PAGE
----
In the last thirty years, language learning strategies have been used in the field of English as a Second Language (ESL) to help learners autonomously improve their English listening, speaking, reading, and writing. However, language learning strategies have not been applied to pronunciation learning in a large scale manner. This study attempted to bridge this gap by investigating the usage of pronunciation learning strategies among adult ESL learners. A strategic pronunciation learning scale (SPLS) was administered to 183 adult ESL learners in an Intensive English Program. Their scores on the SPLS were compared with their scores of spontaneous pronunciation on a program-end speaking assignment. A stepwise regression analysis showed that frequently noticing other's English mistakes, asking for pronunciation help, and adjusting facial muscles all correlated significantly with higher spontaneous pronunciation skill. Other analyses suggested that strong pronunciation learners used pronunciation learning strategies more frequently than poorer learners. Finally, a taxonomy is proposed that categorizes pronunciation learning strategies into pedagogically-founded groups based on Kolb's (1984) learning construct and four stages of pronunciation acquisition: input/practice, noticing/feedback, hypothesis forming, and hypothesis testing. This taxonomy connects language learning strategies to pronunciation acquisition research.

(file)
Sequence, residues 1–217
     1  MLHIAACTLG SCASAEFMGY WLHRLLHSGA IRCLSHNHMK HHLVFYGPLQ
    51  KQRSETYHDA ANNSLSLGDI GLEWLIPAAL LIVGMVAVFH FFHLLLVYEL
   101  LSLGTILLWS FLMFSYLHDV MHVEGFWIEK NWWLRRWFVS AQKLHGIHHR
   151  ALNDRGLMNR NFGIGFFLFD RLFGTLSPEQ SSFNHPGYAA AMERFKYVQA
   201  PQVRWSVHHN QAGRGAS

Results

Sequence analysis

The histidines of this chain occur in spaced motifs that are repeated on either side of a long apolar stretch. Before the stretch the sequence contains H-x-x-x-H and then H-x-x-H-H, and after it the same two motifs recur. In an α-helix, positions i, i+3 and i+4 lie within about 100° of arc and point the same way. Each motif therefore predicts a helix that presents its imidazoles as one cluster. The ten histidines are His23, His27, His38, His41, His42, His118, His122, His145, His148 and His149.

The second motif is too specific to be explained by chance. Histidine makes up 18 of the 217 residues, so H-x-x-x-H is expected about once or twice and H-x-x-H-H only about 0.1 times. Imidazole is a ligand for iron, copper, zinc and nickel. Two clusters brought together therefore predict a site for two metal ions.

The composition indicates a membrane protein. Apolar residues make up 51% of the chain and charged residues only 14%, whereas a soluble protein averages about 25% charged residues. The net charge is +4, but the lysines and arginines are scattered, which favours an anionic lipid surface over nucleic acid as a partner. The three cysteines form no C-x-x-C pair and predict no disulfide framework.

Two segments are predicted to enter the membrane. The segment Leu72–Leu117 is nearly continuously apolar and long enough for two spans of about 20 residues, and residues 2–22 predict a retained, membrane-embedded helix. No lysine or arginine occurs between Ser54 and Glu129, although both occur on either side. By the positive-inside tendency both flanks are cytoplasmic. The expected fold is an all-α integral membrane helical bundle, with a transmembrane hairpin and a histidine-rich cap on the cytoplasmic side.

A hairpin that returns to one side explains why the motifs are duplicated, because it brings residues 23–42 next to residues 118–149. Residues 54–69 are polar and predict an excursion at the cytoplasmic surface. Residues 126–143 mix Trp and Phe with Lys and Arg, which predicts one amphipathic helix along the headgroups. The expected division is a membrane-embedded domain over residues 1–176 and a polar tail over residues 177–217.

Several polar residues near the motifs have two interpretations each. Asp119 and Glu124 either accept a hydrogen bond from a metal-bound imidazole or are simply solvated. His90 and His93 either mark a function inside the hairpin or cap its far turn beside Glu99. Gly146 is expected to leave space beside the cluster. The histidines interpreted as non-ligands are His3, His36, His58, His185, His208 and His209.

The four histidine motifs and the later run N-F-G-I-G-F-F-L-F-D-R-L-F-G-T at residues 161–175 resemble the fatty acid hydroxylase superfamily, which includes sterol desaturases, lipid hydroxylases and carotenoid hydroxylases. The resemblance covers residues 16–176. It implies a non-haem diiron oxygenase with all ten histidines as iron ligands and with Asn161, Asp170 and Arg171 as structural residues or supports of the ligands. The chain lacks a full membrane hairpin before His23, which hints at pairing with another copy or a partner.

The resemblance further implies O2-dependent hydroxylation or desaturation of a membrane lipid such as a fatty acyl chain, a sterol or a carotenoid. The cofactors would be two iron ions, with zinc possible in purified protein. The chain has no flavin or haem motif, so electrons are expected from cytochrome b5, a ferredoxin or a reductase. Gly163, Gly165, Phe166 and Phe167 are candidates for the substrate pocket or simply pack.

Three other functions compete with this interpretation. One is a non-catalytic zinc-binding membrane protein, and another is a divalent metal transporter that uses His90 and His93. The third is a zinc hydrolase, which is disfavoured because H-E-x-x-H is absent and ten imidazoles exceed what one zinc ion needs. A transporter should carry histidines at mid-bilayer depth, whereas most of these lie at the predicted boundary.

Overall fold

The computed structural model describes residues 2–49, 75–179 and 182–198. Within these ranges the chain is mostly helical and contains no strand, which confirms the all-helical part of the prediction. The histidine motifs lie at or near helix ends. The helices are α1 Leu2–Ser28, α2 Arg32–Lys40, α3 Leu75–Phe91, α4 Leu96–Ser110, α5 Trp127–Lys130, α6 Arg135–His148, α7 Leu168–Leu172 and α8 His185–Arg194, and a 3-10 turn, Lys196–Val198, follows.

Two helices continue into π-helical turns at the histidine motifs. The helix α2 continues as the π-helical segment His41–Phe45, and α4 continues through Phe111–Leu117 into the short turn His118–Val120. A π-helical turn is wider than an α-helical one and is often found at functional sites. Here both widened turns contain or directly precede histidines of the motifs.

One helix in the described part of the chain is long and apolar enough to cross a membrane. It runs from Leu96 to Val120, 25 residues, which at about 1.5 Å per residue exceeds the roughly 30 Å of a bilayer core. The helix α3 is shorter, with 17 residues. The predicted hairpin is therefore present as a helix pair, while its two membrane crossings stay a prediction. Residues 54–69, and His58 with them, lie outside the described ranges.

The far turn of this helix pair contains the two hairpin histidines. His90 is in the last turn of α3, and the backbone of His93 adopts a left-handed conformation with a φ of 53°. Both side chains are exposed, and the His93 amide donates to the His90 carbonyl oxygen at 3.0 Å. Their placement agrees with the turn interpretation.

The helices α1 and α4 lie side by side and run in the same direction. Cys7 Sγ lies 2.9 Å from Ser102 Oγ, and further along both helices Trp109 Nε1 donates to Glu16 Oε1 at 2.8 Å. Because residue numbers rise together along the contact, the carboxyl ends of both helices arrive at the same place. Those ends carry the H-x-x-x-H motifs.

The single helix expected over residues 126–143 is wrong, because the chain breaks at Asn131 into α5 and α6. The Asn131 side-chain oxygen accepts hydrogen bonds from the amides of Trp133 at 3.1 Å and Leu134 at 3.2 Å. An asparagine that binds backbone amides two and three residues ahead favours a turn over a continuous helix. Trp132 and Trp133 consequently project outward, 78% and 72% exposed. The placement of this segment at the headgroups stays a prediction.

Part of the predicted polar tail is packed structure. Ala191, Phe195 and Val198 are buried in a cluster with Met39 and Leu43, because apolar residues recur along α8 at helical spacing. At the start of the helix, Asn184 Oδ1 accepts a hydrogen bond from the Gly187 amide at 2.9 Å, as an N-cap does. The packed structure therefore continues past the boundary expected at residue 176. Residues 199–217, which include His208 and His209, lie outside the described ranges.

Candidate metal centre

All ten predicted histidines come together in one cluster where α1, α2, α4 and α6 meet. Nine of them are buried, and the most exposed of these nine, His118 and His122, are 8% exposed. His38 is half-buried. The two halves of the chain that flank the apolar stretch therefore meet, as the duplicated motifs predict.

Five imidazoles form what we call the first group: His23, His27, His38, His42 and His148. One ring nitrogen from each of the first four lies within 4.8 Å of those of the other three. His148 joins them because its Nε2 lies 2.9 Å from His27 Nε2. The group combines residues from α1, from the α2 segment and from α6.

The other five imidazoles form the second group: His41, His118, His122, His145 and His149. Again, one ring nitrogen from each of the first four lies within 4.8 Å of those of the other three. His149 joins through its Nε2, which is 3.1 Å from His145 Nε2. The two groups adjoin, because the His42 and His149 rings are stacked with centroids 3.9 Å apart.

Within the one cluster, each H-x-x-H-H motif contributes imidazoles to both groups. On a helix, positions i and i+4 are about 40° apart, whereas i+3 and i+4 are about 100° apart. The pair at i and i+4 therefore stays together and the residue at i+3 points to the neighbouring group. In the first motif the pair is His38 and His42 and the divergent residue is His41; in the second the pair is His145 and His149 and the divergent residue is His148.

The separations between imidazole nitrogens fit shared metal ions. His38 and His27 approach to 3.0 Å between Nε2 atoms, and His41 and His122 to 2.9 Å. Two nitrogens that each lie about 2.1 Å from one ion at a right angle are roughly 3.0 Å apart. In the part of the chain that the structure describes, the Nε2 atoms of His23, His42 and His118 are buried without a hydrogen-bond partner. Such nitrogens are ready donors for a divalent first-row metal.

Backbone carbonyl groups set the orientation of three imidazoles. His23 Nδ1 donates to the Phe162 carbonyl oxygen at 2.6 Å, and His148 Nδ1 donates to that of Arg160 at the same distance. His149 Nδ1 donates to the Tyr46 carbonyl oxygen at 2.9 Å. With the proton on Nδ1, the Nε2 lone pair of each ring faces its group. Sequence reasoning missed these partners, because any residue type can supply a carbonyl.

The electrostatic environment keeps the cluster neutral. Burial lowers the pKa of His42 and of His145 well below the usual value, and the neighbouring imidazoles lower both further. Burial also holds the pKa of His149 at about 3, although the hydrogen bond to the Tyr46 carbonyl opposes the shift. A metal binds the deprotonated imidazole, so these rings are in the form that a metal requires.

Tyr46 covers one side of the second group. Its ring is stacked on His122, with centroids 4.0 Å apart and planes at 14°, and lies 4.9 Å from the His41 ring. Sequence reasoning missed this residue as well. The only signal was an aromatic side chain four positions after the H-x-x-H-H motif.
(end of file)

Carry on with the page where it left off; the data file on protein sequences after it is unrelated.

College and Department

Humanities; Linguistics and English Language



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taxonomy, pronunciation, strategies, pronunciation strategies, pronunciation learning, pronuciation taxonomy, English as a Second Language, ESL, language learning, language learning strategies, pronunciation learning strategies, self-regulated learning, pronunciation acquisition

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